See the double window on the right?  That's the one - perfect fit!  Anyway, by comparison, my tiny little electric fireplace fir perfectly!  LOL.  So, the next step back here at 173 was the tops for the bookcases.  Here's a sneak peak:
I got started after work tonight, and finished the front for ONE of the bookcases.  Yeah, a couple hours on just the front of one!  I've never been great at mitering, so I'm really taking my time with this.  Obviously - more to come!

The Dining Room Built-In: Structure Complete

December 10, 2017

The basic structures of the built-in are complete and in place, so the next steps are about details, lots of details.  Therefore, the posts will probably slow down to more of a trickle over the coming days.  When last we met, the first bookcase was up at long last.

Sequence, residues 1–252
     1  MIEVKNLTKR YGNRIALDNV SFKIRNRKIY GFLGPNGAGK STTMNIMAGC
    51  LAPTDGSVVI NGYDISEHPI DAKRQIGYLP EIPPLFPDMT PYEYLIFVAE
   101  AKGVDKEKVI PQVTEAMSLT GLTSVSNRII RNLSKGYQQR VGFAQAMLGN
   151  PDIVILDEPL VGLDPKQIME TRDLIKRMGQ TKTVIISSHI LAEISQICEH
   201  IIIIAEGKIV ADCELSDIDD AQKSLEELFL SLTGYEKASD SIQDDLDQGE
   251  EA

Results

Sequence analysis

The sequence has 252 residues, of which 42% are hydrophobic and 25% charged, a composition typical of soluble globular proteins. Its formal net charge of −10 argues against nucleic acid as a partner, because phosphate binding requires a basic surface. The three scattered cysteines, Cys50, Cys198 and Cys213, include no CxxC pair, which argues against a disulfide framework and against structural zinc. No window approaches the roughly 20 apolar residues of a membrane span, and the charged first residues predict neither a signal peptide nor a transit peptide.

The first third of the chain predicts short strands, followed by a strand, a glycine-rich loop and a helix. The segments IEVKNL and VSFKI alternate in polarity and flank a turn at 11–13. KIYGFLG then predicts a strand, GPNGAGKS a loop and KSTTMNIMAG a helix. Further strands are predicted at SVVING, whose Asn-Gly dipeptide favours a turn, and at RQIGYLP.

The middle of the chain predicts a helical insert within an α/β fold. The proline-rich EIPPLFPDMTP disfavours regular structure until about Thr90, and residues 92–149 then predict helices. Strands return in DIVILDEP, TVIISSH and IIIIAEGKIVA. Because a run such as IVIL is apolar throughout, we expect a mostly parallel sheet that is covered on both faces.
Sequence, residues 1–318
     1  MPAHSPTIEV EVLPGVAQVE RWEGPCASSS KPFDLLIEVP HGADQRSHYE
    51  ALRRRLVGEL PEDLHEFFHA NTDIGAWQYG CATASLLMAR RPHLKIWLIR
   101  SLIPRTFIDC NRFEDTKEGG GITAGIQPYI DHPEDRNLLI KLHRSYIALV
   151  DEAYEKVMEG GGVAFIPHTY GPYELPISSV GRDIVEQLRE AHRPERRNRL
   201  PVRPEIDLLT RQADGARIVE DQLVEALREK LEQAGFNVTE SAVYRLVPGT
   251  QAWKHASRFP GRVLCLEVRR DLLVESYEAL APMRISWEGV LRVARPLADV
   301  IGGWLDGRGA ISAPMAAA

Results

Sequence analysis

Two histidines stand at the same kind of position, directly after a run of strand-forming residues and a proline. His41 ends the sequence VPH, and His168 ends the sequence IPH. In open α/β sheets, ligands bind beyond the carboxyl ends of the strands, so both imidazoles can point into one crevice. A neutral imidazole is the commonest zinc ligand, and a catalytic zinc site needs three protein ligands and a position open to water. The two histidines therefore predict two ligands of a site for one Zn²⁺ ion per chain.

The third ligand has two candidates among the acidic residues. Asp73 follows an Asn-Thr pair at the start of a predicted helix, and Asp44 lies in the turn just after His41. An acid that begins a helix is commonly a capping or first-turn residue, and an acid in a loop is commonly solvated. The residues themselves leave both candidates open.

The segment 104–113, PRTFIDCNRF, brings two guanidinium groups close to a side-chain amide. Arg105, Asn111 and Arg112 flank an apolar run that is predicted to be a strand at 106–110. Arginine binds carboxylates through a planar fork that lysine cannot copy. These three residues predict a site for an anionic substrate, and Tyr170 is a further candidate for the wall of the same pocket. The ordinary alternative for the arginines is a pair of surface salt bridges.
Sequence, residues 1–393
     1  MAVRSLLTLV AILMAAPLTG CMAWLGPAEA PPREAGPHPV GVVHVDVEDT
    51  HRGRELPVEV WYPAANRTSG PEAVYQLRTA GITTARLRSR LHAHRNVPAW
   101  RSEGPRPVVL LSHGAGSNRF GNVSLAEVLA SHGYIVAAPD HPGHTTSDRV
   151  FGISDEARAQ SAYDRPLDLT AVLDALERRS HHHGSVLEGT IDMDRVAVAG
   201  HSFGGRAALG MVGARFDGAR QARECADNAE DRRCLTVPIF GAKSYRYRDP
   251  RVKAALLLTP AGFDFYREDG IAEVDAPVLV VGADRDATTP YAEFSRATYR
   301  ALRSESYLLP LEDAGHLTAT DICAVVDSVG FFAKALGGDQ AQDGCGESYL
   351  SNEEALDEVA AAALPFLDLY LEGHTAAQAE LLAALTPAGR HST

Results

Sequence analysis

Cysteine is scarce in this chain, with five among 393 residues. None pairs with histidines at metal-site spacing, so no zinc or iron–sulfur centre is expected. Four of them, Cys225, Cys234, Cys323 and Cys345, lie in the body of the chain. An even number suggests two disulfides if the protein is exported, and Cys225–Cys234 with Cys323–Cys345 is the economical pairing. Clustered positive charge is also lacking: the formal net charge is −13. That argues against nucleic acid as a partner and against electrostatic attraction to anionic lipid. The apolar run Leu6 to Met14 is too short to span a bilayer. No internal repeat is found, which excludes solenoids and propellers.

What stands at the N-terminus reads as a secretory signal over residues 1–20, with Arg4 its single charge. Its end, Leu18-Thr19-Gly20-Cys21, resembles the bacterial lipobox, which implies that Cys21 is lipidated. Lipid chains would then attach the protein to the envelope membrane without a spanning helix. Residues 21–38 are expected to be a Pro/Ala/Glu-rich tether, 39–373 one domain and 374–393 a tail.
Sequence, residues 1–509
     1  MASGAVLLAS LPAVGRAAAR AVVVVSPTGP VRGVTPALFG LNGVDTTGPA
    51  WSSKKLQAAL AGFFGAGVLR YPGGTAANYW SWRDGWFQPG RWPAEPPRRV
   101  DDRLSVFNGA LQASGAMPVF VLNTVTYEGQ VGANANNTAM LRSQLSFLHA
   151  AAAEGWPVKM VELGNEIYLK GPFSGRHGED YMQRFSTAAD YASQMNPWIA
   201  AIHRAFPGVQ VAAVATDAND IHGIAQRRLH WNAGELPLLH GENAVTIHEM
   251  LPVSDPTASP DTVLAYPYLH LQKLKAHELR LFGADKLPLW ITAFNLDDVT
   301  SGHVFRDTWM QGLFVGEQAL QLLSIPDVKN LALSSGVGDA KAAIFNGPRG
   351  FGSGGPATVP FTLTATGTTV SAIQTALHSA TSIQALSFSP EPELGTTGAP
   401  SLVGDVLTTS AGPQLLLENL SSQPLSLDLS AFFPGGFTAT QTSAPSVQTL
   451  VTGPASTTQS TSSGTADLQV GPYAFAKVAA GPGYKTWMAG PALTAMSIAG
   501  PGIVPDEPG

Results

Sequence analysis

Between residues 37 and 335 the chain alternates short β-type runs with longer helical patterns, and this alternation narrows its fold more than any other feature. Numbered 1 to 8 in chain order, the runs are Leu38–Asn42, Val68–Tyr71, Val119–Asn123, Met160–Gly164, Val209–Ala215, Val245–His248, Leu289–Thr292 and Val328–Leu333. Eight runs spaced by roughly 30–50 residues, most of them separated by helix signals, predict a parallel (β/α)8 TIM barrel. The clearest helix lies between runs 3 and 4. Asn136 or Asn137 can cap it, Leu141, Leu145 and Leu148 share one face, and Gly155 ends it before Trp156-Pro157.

Yesterday, the second one was assembled.  I had already cut all the pieces, including the parts to box in the pipe that runs up the corner.  I used my original, mis-cut base platform... make the parts to surround the pipe in the corner (odd how they've always been exposed).  To cut that big board down, I had to make a couple feather boards to keep thinks tight to the table saw top:
I know it sounds silly, but this is really the first time I've really needed to use feather boards - after all these years.  Like said, I cut the pieces to box in the pipe, then came the complicated parts - assembling them.
That part was not fun - at all!  But it worked out just fine, and once I put the caps on the bookcases, very little of the pipe will show.  Here's a closeup, so you can see what's behind there, and why the case is built the way it is.